#### kerriann85

##### Member
I'm hoping for some ideas on pay rates around the country. I'm sure it varies by location, and school situations probably don't apply. So...

Here I am in a new Peforming arts center w/o a paid TD. Everyone's paid by the hour.

1. How much should (or "would" in your own theatre) the person who gets handed a tech rider for a touring company doing a one day gig of, let's say, The Golden Dragon Acrobats, get paid to be in charge of talking to their tech director, run the prehang, find crew, be there for the day of the gig etc.

2. How much would you pay someone to come help load in, then stay for opening/closing the main rag, and maybe one other fly cue of some kind?

3. How bout spot operators? Does it matter if they have ever or never done it before?

4. Would anyone ever get paid one amount to unload a truck, then a different amount when time came to run a follow spot, then different to load up the truck again?

Feel free to add any other scenarios to the situation as needed and how it's done in your theatre.

Thanks!

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#### kerriann85

##### Member
Tried to get a signature file attached so you would know more about our theatre.
Here's the info:

#### Footer

##### Senior Team
Senior Team
Most places pay a flat rate for overhire crew, no matter what they are doing. Crew heads get paid a bit more (sometimes based on a percentage). First question before we go to in depth into this, what is the skill level of the people you have working? Many colleges and high schools that bring in touring shows double the amount of crew requested in the rider due to skill levels.

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#### Van

##### CBMod
CB Mods
Well for once I sort of disagree with footer. A lot of places I have worked and have managed at, have seperate rates for different jobs and situations.
When working at Nike I used to get 20/hr for hang/focus and 25 for board op'ing.
I believe the going rate at Local 28 for general labor/stagehand is 15 but truck loaders make 21/hr.
At my theatre I pay labor over a very wide scale, basic grunt labor for strikes and installs is 10/hr, but that varies with amount of expirience. Shop help and electricians generaly make somewhere in the area of 12-15/hr again depending on expirience and skill level. Our board ops and sound ops get a flat rate, which I don't know because the PM hires and contracts them. we also pay some people on whatever scale they desire when we bring them in as independent contractors.
Now, there is another sticky wicket, The compensation of individuals as an independent contractor can open a can of worms for you and your venue. There are something like 13 questions that can be used to identify an independent contractor.
#1. do you set your own hours.?
#2. do you supply your own tools?

Now, usually by the time you get those two questions asked you've already identified the fact that you're not. This might not seem like a big deal at first, but several years ago several theatre in Oregon Got into a lot of trouble with the IRS over their use of the "independent contractor" clause. They were paying all their technicians, running crew, load in and load out, etc etc, as I.C.'s Be sure to consult with a lawyer or tax advisor before setting any payment plan up.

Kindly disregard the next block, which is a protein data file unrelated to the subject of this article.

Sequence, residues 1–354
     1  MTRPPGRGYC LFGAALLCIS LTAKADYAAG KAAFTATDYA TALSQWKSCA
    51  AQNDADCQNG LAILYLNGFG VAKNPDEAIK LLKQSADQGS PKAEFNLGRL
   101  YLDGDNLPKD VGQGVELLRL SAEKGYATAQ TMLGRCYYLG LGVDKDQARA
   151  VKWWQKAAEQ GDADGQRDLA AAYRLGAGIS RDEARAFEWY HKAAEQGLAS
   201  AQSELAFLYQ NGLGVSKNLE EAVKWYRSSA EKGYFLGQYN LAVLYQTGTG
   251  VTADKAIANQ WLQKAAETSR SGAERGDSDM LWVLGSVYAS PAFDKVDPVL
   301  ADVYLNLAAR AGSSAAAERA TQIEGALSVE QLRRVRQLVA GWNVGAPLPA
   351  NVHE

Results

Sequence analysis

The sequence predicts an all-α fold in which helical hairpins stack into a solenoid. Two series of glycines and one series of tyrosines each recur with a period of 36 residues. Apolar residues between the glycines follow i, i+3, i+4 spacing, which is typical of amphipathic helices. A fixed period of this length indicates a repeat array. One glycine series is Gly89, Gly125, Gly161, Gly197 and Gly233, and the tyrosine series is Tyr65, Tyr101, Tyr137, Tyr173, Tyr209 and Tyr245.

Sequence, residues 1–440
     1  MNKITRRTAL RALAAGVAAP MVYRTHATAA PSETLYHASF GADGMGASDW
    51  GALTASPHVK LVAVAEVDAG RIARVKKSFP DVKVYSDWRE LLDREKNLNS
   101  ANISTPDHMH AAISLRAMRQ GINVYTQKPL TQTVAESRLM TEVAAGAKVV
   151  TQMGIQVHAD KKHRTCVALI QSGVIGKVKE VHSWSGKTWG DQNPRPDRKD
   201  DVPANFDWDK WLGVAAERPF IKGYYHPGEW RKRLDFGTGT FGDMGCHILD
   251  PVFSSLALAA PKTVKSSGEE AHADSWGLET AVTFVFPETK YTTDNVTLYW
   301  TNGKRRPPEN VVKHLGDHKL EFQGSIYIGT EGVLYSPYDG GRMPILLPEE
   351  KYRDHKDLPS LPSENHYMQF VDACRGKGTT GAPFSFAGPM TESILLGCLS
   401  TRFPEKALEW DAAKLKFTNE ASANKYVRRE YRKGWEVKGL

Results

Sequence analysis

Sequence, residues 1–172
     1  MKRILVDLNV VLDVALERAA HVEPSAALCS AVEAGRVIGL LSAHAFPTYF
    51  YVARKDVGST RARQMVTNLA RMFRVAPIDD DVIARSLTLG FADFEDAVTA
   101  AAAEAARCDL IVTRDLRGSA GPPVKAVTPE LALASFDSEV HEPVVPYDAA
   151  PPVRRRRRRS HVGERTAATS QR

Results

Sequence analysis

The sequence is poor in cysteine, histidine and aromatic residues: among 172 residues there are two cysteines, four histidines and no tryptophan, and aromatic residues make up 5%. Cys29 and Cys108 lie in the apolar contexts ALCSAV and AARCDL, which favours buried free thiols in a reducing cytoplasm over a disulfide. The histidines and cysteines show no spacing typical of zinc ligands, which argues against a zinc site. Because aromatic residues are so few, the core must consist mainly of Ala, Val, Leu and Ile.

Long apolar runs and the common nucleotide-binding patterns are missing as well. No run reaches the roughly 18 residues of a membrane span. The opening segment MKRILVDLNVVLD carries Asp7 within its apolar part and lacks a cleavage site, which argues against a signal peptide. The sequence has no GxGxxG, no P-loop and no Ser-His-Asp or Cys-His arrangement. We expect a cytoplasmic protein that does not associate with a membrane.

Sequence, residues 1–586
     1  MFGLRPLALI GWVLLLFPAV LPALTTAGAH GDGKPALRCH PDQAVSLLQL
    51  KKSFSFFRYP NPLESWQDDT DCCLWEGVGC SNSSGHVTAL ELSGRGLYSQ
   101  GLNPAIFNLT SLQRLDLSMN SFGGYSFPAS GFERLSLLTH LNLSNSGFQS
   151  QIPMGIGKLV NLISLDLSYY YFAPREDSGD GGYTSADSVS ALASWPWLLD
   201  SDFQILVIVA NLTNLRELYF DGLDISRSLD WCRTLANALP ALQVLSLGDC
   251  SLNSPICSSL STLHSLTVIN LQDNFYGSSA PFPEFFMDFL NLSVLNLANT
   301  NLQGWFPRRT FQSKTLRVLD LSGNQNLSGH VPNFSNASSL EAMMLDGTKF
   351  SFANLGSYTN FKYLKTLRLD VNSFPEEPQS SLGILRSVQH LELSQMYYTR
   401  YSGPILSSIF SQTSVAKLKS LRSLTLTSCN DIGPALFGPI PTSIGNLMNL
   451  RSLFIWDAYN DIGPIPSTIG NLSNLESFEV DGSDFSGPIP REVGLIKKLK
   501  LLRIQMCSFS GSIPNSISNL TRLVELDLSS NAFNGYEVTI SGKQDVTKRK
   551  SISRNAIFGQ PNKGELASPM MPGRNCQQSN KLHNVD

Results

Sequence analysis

#### Footer

##### Senior Team
Senior Team
Well for once I sort of disagree with footer. A lot of places I have worked and have managed at, have seperate rates for different jobs and situations.
When working at Nike I used to get 20/hr for hang/focus and 25 for board op'ing.
I believe the going rate at Local 28 for general labor/stagehand is 15 but truck loaders make 21/hr.
At my theatre I pay labor over a very wide scale, basic grunt labor for strikes and installs is 10/hr, but that varies with amount of expirience. Shop help and electricians generaly make somewhere in the area of 12-15/hr again depending on expirience and skill level. Our board ops and sound ops get a flat rate, which I don't know because the PM hires and contracts them. we also pay some people on whatever scale they desire when we bring them in as independent contractors.
Now, there is another sticky wicket, The compensation of individuals as an independent contractor can open a can of worms for you and your venue. There are something like 13 questions that can be used to identify an independent contractor.
#1. do you set your own hours.?
#2. do you supply your own tools?
Now, usually by the time you get those two questions asked you've already identified the fact that you're not. This might not seem like a big deal at first, but several years ago several theatre in Oregon Got into a lot of trouble with the IRS over their use of the "independent contractor" clause. They were paying all their technicians, running crew, load in and load out, etc etc, as I.C.'s Be sure to consult with a lawyer or tax advisor before setting any payment plan up.

Very true, I was replying to this as a college type situation. Yes, in the realish world people do get paid different based on what they are doing and how long they have been doing it. As far as changing pay rates during a call goes, it happens sometimes. What it really all depends on is experience level.

#### soundlight

##### Well-Known Member
The thing about campus work - high school or college - is that folks like me will work for a buck or two over the minimum no problem if we really like tech. Sure, we should be paid more, but we understand that the high school doesn't have more. (I don't know why Bucknell doesn't have more, though, I'm forkin' over way too much money to them every semester, and it's jumping another thousand or more next year!!!!!)